Article

Wetlands

, Volume 18, Issue 1, pp 84-89

First online:

Waterfowl management on grass-sage stock ponds

  • Dan SvingenAffiliated withU.S. Geological Survey Wyoming Cooperative Fish and Wildlife Research Unit, University of Wyoming
  • , Stanley H. AndersonAffiliated withU.S. Geological Survey Wyoming Cooperative Fish and Wildlife Research Unit, University of Wyoming

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Abstract

We studied waterfowl use of grass-sage stock ponds in north-central Wyoming during the 1988 and 1989 breeding seasons. Dabbling ducks, particularly mallards, were the most common breeders. Indicated breeding pair density averaged 2.7 pairs/ha of wetland surface, while brood density averaged 1.0 brood/ha of wetland surface. Waterfowl use and productivity were greatest on large (> 3 ha), clear, deep ponds with grass shorelines and abundant submergent macrophytes. Pair use was positively correlated with water clarity, pond area, and macroinvertebrate diversity. Brood use was related to macroinvertebrate diversity, pond depth, and Shoreline Development Index. We recommend management priority be given to ponds that are deeper than 1 m to provide more water that is clear so macrophytes can be established. Macroivertebrates should be artificially introduced into ponds. Fencing should be used to improve ponds for waterfowl use and brood rearing.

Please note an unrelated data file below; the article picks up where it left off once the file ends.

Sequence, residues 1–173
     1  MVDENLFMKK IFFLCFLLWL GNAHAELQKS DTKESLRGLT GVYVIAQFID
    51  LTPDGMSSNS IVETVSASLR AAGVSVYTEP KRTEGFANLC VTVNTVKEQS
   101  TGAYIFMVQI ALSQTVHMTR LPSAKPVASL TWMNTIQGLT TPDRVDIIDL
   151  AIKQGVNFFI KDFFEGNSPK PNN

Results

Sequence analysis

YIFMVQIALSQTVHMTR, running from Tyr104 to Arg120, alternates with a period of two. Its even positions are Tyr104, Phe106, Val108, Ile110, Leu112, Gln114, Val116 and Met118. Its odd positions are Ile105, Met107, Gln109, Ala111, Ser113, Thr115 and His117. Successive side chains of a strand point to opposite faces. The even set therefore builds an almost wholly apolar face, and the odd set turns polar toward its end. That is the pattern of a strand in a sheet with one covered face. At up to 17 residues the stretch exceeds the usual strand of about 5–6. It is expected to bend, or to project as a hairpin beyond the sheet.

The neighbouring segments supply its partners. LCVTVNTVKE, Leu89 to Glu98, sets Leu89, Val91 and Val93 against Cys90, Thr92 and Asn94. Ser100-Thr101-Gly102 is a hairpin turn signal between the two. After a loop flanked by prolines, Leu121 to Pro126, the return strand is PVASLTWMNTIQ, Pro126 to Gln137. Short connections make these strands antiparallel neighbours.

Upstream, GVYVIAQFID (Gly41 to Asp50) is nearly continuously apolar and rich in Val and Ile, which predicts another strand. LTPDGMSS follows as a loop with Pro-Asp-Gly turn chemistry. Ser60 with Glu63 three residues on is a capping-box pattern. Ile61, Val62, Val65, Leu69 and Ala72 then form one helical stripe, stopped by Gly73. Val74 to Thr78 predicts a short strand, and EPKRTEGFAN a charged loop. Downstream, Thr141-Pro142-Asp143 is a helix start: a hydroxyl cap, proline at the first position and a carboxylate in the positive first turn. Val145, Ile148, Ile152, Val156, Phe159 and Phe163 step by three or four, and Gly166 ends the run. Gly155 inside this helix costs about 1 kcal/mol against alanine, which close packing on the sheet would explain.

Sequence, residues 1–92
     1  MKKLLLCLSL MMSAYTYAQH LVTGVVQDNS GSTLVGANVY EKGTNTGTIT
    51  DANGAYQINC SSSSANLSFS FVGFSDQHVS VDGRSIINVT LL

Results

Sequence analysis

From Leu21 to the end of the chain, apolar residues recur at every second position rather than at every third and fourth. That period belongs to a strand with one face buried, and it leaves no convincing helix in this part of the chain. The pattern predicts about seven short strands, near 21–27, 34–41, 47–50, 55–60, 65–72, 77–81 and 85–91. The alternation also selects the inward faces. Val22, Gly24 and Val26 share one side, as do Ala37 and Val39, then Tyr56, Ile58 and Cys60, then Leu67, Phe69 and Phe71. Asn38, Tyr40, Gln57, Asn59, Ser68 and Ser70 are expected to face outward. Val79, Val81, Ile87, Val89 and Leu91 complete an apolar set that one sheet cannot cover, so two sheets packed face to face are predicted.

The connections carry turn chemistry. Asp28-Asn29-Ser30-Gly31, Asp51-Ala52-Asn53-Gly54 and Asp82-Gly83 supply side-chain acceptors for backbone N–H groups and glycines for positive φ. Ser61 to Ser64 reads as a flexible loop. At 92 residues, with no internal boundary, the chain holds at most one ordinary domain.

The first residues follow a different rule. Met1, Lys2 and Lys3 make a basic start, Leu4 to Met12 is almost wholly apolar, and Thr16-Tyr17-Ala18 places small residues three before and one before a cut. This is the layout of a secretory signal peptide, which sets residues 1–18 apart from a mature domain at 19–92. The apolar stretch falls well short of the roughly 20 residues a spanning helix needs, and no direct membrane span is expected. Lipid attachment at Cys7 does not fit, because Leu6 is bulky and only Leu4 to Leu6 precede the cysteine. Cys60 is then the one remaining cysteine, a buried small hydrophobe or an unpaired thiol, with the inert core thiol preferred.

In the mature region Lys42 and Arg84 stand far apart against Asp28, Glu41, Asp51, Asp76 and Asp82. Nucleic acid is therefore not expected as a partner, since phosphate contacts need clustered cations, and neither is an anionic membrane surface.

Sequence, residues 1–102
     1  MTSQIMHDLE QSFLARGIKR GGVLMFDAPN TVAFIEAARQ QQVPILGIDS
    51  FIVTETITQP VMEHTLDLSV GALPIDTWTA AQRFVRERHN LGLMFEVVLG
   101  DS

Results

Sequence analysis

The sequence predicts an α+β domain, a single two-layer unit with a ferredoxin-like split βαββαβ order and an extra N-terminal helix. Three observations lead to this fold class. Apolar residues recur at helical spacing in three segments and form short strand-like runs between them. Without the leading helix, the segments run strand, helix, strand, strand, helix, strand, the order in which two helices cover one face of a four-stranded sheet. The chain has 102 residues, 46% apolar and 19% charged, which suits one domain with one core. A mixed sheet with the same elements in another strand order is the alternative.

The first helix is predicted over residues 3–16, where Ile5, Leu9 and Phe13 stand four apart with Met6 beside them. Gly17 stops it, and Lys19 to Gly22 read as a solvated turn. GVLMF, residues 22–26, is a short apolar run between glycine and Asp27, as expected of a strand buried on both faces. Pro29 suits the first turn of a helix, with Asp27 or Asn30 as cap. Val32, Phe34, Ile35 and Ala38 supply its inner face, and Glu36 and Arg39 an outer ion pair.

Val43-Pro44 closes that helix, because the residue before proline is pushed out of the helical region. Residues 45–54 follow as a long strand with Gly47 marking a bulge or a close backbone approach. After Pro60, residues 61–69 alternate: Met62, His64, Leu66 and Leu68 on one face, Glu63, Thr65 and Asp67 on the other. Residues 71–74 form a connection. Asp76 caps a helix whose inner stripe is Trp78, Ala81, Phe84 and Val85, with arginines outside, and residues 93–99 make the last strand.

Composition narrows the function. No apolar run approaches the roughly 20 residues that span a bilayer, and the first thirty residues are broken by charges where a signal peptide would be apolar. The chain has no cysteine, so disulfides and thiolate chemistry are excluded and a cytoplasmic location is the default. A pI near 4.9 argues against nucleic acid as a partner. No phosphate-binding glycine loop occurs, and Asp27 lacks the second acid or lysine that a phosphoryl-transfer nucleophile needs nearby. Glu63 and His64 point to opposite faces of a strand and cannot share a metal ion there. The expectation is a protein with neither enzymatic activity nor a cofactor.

Key Words

waterfowl stock ponds grass-sage aquatic macroinvertebrates breeding ducks broods